YAML build in VSTS / TFS is one of the most welcomed feature in the Continuous Integration engine, because it really opens many new possibilities. Two of the most important advantages you have with this approach are: build definitions will follow branches, so each branch can have a different definition, then, since the build is in the code, everything is audited, you can pull request build modification and you can test different build in branches as you do with code.
Given that build definition in code is a HUGE steps forward, especially for people with strong DevOps attitude, the common question is: how can I convert all of my existing builds in YAML Build?
Edit: This is the nice aspect of VSTS, it moves really forward, I’ve prepared this post while this feature was in preview, and converting was a little bit of effort, now converting a build is really simple, you have a nice View YAML Button during build edit.
Figure 1: YAML definition of an existing build can be seen directly from build editing.
This button will open the corresponding YAML build definition for current build, thus making straightforward to convert existing builds.
This is VSTS, it moves forwards so fast 🙂 and if you want to do a post about a Preview Feature, often you should be really quick, before new functionalities makes the post old.
Old Way (before the View YAML)
While the feature was in early preview, converting is more manual, we did not have an automatic tool that does this, but if you got a little bit of patience, the operation wasnot so complex.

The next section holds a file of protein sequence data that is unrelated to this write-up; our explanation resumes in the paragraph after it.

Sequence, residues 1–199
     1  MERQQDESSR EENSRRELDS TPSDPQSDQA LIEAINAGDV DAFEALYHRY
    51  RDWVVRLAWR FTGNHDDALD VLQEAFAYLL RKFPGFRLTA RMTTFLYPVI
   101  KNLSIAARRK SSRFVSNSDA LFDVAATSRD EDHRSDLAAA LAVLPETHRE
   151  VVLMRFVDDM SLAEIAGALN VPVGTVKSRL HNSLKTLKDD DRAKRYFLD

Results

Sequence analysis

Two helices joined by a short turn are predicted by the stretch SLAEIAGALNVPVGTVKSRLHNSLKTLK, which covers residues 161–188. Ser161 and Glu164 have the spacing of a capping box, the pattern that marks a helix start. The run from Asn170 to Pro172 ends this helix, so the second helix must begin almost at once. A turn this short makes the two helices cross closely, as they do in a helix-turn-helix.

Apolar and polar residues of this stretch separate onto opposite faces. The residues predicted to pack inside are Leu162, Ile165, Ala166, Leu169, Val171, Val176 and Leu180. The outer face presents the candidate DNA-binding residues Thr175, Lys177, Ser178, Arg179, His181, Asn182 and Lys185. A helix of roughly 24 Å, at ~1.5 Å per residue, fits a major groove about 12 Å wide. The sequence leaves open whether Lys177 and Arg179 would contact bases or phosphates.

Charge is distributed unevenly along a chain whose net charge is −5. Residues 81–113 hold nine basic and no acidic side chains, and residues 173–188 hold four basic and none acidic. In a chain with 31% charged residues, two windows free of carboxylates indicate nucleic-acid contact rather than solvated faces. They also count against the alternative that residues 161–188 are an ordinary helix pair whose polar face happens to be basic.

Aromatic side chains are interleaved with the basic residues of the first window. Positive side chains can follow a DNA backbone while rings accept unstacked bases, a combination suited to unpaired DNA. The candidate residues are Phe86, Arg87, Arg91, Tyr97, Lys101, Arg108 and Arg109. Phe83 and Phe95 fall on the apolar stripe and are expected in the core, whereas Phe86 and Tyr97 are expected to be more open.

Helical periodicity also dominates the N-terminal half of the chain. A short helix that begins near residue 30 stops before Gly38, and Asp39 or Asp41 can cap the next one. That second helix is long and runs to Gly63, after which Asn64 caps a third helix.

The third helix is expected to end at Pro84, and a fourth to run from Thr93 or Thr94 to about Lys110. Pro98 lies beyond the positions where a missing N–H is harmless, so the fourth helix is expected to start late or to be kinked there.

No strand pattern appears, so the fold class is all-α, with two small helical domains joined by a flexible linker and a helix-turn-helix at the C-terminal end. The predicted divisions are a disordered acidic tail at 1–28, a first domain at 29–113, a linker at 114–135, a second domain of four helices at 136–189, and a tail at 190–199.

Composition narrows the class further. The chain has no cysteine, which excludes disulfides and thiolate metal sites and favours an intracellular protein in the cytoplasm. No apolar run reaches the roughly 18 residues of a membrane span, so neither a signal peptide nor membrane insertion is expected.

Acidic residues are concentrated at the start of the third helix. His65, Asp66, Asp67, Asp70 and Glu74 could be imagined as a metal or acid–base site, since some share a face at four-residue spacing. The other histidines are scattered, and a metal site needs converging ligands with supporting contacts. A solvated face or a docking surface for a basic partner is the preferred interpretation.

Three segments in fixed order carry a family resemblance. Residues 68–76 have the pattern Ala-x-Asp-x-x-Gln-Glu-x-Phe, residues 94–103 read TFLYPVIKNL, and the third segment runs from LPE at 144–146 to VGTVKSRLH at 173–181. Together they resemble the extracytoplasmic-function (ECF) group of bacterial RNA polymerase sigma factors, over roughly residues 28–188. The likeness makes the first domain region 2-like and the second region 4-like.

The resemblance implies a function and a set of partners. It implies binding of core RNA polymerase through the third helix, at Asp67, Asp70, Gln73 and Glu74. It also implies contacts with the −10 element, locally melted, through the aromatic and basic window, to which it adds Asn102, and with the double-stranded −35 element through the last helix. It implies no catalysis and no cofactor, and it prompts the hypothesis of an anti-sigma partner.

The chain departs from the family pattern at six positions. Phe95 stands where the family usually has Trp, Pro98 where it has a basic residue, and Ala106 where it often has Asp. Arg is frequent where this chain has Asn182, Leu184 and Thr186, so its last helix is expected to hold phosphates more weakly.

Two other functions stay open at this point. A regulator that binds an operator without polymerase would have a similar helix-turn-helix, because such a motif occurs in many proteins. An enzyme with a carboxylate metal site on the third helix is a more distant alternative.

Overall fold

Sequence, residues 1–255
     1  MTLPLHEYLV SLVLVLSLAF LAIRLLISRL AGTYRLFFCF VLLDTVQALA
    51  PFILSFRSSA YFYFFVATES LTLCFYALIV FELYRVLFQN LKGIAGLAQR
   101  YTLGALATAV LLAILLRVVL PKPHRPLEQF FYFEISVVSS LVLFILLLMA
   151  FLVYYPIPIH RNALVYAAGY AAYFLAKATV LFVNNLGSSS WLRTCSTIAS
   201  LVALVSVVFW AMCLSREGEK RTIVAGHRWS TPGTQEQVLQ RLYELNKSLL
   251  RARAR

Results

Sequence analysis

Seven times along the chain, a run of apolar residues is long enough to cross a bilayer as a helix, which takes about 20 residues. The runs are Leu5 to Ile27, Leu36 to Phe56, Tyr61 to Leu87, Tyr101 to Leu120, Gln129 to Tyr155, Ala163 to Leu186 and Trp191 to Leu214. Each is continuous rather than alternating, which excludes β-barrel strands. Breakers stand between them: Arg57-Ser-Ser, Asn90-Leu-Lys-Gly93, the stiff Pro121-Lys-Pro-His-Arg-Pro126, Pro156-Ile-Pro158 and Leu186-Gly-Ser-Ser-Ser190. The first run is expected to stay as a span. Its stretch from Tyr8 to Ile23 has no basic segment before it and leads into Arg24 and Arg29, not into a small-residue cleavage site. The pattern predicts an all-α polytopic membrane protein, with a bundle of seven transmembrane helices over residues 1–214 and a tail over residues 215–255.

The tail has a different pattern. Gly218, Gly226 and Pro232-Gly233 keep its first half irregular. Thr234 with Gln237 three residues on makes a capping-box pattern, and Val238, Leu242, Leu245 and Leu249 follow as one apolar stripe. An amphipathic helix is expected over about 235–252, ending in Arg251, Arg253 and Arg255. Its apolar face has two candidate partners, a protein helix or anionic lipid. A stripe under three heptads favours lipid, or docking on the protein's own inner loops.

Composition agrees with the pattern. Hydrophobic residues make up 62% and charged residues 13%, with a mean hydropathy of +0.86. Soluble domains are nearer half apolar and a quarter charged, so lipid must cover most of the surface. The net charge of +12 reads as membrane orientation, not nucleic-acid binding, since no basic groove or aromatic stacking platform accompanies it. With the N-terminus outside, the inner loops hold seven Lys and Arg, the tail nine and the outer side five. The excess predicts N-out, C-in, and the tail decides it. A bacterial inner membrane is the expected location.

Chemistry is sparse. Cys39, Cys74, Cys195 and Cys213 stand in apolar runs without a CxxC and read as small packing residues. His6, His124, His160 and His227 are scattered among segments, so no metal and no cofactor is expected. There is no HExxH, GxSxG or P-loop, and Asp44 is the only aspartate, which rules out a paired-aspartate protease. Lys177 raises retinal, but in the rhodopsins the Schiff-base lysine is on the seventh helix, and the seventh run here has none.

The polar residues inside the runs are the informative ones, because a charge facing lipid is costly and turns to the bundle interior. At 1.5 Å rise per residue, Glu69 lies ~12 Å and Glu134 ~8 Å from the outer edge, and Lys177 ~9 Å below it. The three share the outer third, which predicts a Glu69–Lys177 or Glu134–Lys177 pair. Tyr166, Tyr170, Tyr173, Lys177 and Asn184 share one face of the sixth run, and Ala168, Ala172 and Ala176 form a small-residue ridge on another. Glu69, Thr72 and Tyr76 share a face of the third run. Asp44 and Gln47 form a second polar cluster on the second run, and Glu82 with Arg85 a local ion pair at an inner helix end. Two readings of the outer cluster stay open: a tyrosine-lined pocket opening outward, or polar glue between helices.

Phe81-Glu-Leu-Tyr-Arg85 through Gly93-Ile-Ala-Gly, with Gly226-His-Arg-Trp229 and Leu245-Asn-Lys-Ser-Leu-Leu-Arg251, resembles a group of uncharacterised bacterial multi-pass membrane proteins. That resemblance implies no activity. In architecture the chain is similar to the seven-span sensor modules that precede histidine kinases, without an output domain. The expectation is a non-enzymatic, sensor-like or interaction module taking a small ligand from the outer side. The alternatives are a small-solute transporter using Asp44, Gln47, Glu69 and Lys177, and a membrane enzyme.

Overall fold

First of all the engine of the YAML build is the very same of standard build, only the syntax is different, thus, every standard build can be converted in YAML build, you only need to understand the right syntax. This is how I proceeded to convert a definition.
First Step: Install an agent in your local machine, it is a matter of minutes, then delete everything in the _work folder and finally schedule a build with agent.name request equal to the name of the agent. This will schedule the regular build in your machine, and in the _work folder you will have a subfolder _tasks that contains all the definition of all the tasks used in your build. This will greatly simplify finding name and version of task used in your build, because you can easily open the folder with Visual Studio Code and you can browse everything.
Figure 2: List of tasks downloaded by the agent to execute the build.
Then you can simply move to the History tab of the original build, where you can choose to “Compare Difference” so you can easily view the json definition of the build, where you can find all the parameters of the task and the value in the build in a Super Easy way.
Figure 3: Thanks to the Compare difference you can quickly have a look at the actual definition and all the parameters.
Figure 4: All tasks parameters are included in the definition and can be used to generate YAML build file.